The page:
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A New Synthesis or Just The New Synthesis?

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Science  28 May 2004:
Vol. 304, Issue 5675, pp. 1249
DOI: 10.1126/science.1098543

The Speciation and Biogeography of Birds

by Ian Newton

Academic Press (Elsevier), San Diego, 2003. 680 pp. $75, £49.95. ISBN 0-12-517375-X.

The sweeping reviews of speciation and biogeography produced by the architects of the “new synthesis” (or “modern synthesis”), particularly Ernst Mayr, in the mid-20th century provided detailed summaries of ecological, distributional, and historical phenomena related to the evolution of biological diversity. The numerous recent advances in theory and technology, as well as the vastly improved information resources related to this subject, would seem to make possible fresh insights into this field. In particular, there has been much new thought about the process of biological diversification and its geographic dimensions, yet genuinely synthetic reviews of this fertile field have been few.

The appearance of a book boldly titled The Speciation and Biogeography of Birds brings hope of just such a review. Birds are the focus of intensive research in phylogeography, alpha systematics, distributional biology, and ecology, and would thus seem to be an ideal group on which to found such a new synthesis. Ian Newton, an ornithologist at the National Environmental Research Council's Institute of Terrestrial Ecology, Cambridgeshire, took on the big challenge of summarizing a truly massive literature into a coherent account. The book is attractive and illustrated amply with maps that—although simple and not particularly information-rich—quite aptly illuminate many of the concepts. It is also rich in examples illustrating the ideas and concepts that Newton treats.

Nonetheless, the book falls disappointingly short of achieving a new synthesis regarding the diversification of birds. On a number of points, in fact, it feels quite dated. Newton bases much of his discussion of phylogenetic history on DNA-DNA hybridization results (1) that have largely been left behind in the face of newer sequence-based findings (which are only scarcely cited); indeed, he falls into the trap of believing Sibley and Ahlquist's argument that their phenetic analyses were phylogenetic analyses. The author more or less rejects alternative species concepts, which many ornithologists believe have great potential to elucidate patterns of avian diversity by achieving a more consistent species catalog (2). Instead, he postulates that the biological species concept and alternative species concepts will converge on the same patterns. Newton places enormous confidence in molecular clock-based measurements of divergence times, in spite of accumulating evidence that such approaches to dating are likely to be fraught with inaccuracies and biases (3). He bases much of his discussion on such dated concepts as anagenetic (within lineage) speciation, competition as a major force structuring distributions of species and even faunas, species-to-genus ratios as indicators of colonization and speciation histories, and the adaptationist program. Readers will find that many exciting results from recent research have been dismissed, downplayed, or ignored, including the impressive avifaunal richness of Oceania before the arrival of humans (4), the role of pre-Pleistocene speciation in generating present-day diversity (5), the utility of climate-envelope approaches to understanding the effects of climate change on species' distributions (6), and alternatives to the Pleistocene forest refuge hypothesis (79).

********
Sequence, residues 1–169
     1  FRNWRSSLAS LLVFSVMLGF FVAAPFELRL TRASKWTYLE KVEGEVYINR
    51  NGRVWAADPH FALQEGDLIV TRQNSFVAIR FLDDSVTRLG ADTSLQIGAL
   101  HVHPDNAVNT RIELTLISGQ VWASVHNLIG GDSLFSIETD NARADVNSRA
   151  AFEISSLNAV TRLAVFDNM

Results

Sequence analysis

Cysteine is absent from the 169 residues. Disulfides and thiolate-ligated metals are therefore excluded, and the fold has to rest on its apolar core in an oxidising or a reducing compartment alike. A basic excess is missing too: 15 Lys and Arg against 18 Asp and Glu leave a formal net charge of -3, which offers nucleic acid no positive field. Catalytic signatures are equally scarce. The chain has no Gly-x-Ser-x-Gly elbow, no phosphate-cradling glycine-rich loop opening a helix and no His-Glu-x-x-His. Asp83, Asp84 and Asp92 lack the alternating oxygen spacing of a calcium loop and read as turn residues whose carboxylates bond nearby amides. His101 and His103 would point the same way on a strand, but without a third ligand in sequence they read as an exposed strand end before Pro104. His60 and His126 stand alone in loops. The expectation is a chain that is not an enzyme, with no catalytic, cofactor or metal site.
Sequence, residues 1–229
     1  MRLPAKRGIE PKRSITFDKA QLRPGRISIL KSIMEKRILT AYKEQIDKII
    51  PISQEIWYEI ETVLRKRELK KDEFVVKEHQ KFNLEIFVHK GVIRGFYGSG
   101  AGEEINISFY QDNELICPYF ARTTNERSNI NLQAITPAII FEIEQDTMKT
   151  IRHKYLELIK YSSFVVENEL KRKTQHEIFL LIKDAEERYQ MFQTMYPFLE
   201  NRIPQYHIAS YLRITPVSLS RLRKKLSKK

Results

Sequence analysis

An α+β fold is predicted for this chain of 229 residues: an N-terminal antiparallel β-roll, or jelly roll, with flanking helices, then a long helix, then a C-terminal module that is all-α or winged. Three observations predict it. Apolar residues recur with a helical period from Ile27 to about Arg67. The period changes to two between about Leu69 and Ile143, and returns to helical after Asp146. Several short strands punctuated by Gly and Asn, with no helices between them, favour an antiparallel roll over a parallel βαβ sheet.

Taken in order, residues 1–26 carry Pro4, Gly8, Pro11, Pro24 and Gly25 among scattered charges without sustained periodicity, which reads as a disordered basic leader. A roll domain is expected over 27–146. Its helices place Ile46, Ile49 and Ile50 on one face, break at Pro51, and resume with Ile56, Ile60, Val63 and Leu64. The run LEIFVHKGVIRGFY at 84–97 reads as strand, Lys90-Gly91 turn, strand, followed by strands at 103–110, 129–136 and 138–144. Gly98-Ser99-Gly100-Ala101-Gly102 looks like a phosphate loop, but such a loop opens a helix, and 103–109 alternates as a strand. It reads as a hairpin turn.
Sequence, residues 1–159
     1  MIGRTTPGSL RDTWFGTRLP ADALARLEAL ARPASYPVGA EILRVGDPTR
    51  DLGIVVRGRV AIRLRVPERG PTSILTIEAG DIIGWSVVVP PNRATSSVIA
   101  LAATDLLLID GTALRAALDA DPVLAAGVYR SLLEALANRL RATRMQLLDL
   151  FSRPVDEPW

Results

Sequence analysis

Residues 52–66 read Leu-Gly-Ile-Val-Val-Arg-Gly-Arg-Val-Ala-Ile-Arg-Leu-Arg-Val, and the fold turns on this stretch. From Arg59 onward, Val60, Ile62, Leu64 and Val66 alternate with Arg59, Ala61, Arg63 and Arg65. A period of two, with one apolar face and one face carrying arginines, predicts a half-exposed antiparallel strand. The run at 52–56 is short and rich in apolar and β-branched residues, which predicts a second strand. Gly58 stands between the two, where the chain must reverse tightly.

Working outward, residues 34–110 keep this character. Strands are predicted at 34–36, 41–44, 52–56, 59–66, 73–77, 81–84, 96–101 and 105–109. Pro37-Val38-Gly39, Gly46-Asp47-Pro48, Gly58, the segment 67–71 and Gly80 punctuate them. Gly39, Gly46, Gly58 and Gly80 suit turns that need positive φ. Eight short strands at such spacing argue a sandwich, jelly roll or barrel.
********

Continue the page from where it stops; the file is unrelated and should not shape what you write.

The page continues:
I would also have preferred a different organization of the book. Long chapters on dispersal, barriers to movement, and migration come after the core accounts of endemism and major diversity patterns, when they would seem much more appropriate as introductory material. My other complaints are minor: The book's binding may not stand up to heavy use, and though overall the editing is good, there are a few typographical errors and dated place names or assertions (e.g., Ceylon for Sri Lanka and the comment that Oceanodroma macrodactyla “may be extinct”).

There remains a great need for a comprehensive, up-to-date account of avian evolution. Recent findings on the origin, diversification, Pleistocene and current diversity, phylogeography, and ecological biogeography of birds could be integrated into a profoundly novel view of the history of the class, which would offer an important perspective on the process of biological diversification in general.

Newton's eminently readable book probably provides the best available overview of the origin, distribution, and extinction of bird species on a global scale. But The Speciation and Biogeography of Birds fails to live up to the promise of a new synthesis and instead remains firmly embedded in the ideas of the new synthesis.


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